·         Not effective when there are high numbers of pests (Prevent better than cure)

·         More expensive

·         You have to have faith that they are working (e.g. when you don’t see lily beetle is that because the neamotode killed the larvea or just because there aren’t many beetles.

·         They need the right conditions to be effective.

·         More effective in greenhouses and limited use outside.

 Cultural Controls:

·         Avoid Stress on the plant

·         Regular and well balanced feed and watering

·         No extreme temperatures

·         Partner with complimentary plants (Companion planting)

·         Plant Mesh – Buy the right grade mesh for the bug you are trying to prevent and not to harm other wildlife.

·         Various substances you can spray – Washing up liquid (leaves a sticky substance on leaves, potato starch (but this will also kill bees)

·         Stimulants (To promote stronger healthy plants – seaweed, mycorrhizal, fungal controls, bacterial and Garlic spray.



Thursday 29 June 2023

Iain Pentney for the Perennial Society, June's meeting

 Our presentation in June was by Iain Pentney for the Perennial Society.  The society is a charity Dedicated To Helping Everyone Who Works In Horticulture.  Iain told us that he left school at 16 and worked in a number of jobs but now works at ‘Classiflora’ who specialise in trees, shrubs and topiary.  The nursery sells to the nurseries and garden centres where we buy our plants.  Iain showed as some amazing pictures of the topiary which they have created.  Classiflora import their plants from across Europe for which they have to have a license because of diseases like Oak Processionary Moth.

Iain talked about the harsh winter we have just experienced and that the main shrubs which have suffered are Hebe’s, pittosporums, and myrtle.  He explained that it was not the cold itself that killed the plants, but the fact that we had a mild and wet autumn so the plants were full of moisture when the cold arrived overnight and the roots and branches froze.  (Of course tender plants will have also suffered).

A few other interesting facts Iain gave us: The Mediterranean often have the same weather as the UK, but a much longer summer season.  Wisteria takes years to flower because it takes that long for the wood to mature. Pot grown means the plant was grown in the pot, pot pressed means it was grown in the ground dug up and repotted into a pot for sale.  Grape vines have a 15 year lifespan when they are productive.  In the Med, Viburnums have smaller leaves as they adapted to the climate.  Olives can be pollarded which shocks them to regenerate and regrow.  There are modern varieties of Red Robbin which are smaller and more suited to smaller gardens.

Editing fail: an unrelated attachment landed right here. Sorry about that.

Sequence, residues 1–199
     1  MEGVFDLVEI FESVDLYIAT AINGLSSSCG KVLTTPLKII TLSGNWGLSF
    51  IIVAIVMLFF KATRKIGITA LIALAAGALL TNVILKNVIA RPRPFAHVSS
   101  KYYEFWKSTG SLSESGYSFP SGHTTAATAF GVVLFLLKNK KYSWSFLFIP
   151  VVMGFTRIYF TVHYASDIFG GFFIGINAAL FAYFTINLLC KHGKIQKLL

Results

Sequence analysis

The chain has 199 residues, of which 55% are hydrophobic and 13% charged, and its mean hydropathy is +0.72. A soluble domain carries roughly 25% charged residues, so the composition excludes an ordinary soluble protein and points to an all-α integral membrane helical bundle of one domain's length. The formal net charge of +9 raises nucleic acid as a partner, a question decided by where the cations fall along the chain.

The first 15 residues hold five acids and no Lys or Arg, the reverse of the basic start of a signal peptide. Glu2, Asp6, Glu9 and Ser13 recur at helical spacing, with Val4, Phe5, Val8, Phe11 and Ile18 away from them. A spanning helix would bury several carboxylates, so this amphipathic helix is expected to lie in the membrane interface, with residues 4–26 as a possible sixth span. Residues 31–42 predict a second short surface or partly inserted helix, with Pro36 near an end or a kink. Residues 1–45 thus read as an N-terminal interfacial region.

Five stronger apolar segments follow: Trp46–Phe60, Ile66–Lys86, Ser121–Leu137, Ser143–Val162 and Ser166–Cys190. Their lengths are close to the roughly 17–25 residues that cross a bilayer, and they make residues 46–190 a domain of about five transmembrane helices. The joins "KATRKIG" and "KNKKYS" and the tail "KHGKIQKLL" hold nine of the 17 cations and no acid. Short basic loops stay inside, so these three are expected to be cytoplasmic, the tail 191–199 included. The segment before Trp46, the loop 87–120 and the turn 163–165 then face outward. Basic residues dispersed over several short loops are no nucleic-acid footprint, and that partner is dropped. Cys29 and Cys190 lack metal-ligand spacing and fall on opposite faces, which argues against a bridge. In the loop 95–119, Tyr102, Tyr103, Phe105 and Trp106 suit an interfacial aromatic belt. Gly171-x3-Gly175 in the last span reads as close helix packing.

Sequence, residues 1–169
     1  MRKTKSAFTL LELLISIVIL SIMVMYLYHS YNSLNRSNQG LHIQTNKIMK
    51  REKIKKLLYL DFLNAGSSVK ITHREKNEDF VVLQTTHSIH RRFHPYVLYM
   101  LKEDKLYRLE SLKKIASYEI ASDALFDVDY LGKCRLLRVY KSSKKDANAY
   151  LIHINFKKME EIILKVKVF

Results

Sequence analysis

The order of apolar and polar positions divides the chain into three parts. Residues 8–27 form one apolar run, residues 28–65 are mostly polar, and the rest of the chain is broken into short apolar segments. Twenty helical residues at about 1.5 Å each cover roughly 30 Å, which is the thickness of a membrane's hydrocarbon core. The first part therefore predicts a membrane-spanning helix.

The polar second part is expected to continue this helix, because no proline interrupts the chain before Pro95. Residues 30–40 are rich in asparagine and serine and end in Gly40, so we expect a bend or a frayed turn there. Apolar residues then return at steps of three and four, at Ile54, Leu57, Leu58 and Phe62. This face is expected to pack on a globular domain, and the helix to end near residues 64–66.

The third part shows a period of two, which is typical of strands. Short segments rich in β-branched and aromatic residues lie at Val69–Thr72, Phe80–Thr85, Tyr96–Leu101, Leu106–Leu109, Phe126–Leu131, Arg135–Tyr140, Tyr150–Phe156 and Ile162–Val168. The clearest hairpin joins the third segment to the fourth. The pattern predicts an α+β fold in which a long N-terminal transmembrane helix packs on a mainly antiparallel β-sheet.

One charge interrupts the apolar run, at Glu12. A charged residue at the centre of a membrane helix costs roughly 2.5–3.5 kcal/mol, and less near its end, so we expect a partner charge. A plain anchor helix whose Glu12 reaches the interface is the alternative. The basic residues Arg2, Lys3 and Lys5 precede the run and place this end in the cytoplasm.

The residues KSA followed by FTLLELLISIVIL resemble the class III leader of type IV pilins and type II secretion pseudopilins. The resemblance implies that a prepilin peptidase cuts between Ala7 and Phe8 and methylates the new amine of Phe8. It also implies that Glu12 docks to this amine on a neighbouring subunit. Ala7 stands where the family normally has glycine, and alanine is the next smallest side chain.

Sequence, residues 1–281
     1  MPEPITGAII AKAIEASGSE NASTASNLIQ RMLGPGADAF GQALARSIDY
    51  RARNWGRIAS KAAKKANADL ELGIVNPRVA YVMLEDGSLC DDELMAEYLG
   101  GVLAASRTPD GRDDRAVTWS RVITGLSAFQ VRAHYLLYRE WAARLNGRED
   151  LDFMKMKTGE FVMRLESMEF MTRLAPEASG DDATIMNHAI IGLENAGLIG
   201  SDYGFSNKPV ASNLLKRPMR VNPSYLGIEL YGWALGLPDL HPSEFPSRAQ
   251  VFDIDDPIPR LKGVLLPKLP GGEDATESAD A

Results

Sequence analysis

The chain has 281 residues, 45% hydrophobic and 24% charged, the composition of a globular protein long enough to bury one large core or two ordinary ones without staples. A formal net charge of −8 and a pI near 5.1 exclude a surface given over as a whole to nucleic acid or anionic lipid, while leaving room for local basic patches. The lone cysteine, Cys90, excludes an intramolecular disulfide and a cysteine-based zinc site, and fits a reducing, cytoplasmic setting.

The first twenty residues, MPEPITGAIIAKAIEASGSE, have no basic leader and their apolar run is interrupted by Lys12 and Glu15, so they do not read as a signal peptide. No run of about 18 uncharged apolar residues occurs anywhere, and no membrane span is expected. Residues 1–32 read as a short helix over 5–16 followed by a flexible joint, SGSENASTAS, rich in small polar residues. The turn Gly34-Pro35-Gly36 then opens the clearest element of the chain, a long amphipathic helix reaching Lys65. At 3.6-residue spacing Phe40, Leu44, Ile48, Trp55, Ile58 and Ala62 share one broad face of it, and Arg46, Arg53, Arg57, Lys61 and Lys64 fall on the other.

Monday 5 June 2023

From the rainforest to your living room, Nick Dobson May's meeting

 In May we had one of our popular speakers, Nick Dobson, return to give us not one but two presentations on garden topics.

 The first was titled From the rainforest to your living room. This was a talk all about plants that grow in the rainforests around the world, mainly the Amazon (in South America) and the Daintree (in Australia), but have now become popular as house plants in the UK where our climate generally does not provide suitable conditions for the plants to grow outside.

The Amazon rainforest got its name from the Amazonian tribe people. Some plants, which we would recognize from the Amazon, are the Rubber tree, which is used in hundreds of everyday products and Bromeliads, which produce bright flowers and are part of the pineapple family. Some bromeliads are also carnivorous (which means they eat meat (usually flies). Also the Passion Flower, which we can grow outside but requires moist soil, the Bougainvillea, which has mases of bright flowers and can go outside in the summer but must be brought into a heated greenhouse or conservatory for the winter, and Begonias, which are both house plants and used for summer bedding.

From the Daintree Tropical rainforest, we have such plants as the Phalaenopsis Orchid, which we grow as a popular houseplant and will flower for months if looked after well. It lives on trees, which is why when you get one it is not in soil but in bark chips. They need good light levels and an east or west-facing windowsill. There is the Idiot Fruit Tree (aka Dinosaur tree), which was thought to have died out but rediscovered in the Queensland Forest. These still contain original properties from the Dinosaur age, and tree ferns, which also date back to the dinosaur times.

 Our second talk was Through The Seasons and gave us some useful tips on growing plants in our gardens starting with early shrubs, followed by spring bulbs and then into summer bedding. The Petunia is related to the tobacco plant. When Alstroemerias have flowered, pull out the flowering stem rather than cutting it off as this promotes them to make more flower stems. Plant Gladioli 8 inches deep, as this will provide more support and require less staking. Don’t deadhead Canna Lilies as new flowers come from the dead flower.

 Bromeiads, 2nd/4th Pic. 4 x Orchids and Bougainvillea.